Biometric Identification Instead of Boarding Passes within 4 Years in USA

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It can be soon expected that during the boarding of an aircraft, there will not be any more boarding passes. Airports will adopt new technologies that will allow passengers just to use their face to identify themselves rather than using the passport. The traditional system takes up a lot of time of both the law enforcement agencies and the travelers. For this advent of this new smart gate, technologies will allow faster and hassle-free journey experience for the travelers and somewhat relax for the authority.

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The deputy executive director of the Customs and Border Protection Agency, Dan Traciar said to the USA Today that, the technology and implementation are not far away. According to him, the officials are planning to implement the system completely within the next four years. Officials plan to deploy the technology first for the international flights and then plan to add domestic flights. This way passengers will not even have to show their passports during a checkup at the biometric smart gates.

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As Dan explained, the gates work with the picture taken on the point and matching it with existing picture of the passport. All over the US, the Transportation Security Administration does not have the same information as the US passport database. And so, all the states should have to share all the citizens’ driver license information in order to create a database for authentication purposes during domestic flights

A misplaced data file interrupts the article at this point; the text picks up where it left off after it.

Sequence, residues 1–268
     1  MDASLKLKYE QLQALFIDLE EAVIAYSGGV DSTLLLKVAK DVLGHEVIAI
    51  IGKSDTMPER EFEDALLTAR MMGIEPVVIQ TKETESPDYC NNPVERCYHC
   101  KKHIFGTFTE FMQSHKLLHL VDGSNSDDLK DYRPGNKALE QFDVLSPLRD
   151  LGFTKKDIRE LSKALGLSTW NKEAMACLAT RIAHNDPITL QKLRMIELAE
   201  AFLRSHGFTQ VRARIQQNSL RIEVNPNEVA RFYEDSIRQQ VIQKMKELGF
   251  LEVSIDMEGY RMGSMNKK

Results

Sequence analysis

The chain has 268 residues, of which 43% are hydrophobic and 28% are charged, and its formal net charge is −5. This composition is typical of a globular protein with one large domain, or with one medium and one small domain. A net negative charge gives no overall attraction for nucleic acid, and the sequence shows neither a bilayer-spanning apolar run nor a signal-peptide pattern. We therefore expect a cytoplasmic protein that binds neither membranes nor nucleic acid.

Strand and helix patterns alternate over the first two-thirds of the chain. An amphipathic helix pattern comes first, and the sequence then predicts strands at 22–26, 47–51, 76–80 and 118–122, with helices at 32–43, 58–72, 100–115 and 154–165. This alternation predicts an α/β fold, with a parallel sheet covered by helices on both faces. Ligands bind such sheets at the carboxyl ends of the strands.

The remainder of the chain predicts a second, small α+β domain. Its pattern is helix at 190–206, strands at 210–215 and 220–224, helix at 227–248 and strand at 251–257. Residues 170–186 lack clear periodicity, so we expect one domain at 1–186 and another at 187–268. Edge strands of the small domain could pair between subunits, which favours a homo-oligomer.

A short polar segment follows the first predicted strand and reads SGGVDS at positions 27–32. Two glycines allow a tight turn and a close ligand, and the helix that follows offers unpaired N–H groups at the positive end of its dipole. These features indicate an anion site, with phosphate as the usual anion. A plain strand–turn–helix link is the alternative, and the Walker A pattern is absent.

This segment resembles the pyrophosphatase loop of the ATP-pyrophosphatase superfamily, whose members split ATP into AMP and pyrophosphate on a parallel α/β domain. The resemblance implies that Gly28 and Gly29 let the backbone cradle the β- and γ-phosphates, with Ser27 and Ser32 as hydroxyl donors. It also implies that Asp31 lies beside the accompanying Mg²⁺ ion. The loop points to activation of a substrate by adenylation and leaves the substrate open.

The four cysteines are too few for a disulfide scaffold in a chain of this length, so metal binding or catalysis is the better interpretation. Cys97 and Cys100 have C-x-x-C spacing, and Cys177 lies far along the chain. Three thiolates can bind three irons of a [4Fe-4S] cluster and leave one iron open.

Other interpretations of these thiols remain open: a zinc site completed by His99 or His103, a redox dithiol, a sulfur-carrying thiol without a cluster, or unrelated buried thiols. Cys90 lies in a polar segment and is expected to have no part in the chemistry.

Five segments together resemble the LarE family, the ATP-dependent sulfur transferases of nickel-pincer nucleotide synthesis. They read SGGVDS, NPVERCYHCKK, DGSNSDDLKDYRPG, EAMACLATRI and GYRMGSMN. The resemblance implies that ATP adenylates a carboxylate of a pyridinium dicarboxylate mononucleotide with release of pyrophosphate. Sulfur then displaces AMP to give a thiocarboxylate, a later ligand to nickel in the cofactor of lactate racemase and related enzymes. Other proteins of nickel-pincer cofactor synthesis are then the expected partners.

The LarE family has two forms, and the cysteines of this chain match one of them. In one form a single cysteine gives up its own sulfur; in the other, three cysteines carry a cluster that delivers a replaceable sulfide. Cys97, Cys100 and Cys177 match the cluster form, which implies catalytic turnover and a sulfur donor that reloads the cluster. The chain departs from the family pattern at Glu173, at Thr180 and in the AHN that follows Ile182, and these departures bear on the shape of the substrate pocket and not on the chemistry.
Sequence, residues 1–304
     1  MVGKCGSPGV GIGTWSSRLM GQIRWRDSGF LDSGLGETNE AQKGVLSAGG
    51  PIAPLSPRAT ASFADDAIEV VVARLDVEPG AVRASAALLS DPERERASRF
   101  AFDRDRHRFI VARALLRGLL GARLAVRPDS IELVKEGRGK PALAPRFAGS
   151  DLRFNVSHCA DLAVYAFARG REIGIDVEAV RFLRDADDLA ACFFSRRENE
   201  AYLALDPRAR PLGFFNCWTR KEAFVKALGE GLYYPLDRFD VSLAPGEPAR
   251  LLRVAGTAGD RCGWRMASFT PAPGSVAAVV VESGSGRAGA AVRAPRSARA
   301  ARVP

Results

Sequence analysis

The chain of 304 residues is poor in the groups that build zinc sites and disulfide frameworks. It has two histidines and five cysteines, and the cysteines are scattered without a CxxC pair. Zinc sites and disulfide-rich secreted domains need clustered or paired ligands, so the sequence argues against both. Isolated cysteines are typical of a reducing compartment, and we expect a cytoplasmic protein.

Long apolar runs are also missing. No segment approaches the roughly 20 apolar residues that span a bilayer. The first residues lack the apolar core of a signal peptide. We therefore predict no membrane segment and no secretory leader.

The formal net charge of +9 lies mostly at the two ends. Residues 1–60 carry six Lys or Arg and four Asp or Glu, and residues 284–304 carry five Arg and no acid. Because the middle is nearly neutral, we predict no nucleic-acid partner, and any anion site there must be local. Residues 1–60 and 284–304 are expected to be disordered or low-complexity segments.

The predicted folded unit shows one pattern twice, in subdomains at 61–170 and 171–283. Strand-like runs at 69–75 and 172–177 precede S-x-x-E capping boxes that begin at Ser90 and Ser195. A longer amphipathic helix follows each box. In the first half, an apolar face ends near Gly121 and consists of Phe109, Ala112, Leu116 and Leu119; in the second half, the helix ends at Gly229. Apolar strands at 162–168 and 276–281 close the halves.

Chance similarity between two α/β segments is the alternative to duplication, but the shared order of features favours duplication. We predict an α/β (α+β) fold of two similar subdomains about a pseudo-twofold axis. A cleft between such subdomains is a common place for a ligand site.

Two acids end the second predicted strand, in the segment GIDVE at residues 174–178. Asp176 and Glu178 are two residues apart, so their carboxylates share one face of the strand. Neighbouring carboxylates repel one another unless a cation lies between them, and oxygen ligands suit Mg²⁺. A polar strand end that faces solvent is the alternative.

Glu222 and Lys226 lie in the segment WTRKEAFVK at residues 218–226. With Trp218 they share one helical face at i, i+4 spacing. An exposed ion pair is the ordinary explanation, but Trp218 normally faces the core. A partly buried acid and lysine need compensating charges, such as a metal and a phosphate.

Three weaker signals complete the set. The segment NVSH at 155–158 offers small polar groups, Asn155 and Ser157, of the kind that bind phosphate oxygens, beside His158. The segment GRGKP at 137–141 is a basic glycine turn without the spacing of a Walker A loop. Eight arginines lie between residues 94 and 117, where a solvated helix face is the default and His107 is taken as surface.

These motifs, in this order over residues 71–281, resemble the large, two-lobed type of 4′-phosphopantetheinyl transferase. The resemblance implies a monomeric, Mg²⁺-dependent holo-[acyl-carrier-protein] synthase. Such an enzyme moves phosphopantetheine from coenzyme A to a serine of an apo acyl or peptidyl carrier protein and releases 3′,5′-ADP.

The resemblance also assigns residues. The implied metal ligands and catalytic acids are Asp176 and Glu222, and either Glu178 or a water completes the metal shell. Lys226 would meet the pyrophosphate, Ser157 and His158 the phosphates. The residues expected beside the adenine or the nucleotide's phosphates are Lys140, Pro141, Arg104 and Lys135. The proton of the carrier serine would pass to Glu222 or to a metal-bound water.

Currently, three airlines are using this facial recognition technology to board the passengers in a limited number of flights. British Airways, JetBlue, and Delta are using this facial recognition technology in the Atlanta, Boston, and Los Angeles airports. Delta removed the use of boarding passes on an Atlanta to Paris flight, JetBlue uses the same technology on its Boston to Aruba flights, and lastly, British Airways is testing the technology on some of their flights. Lufthansa, Qantas, and Korean Air are to use the same technology later on this year.

San Jose International Airport’s deputy director of innovation and business development, Rebecca Baer has a unique idea to deploy the biometrics for the domestic flights a bit sooner. Her way of thinking will not need the TSA to join and collaborate with each other for the massive verification database. Just like a precheck, travelers can themselves give a photo ID to the system for verification with the passport. Voluntary submission will make the system run smoother.

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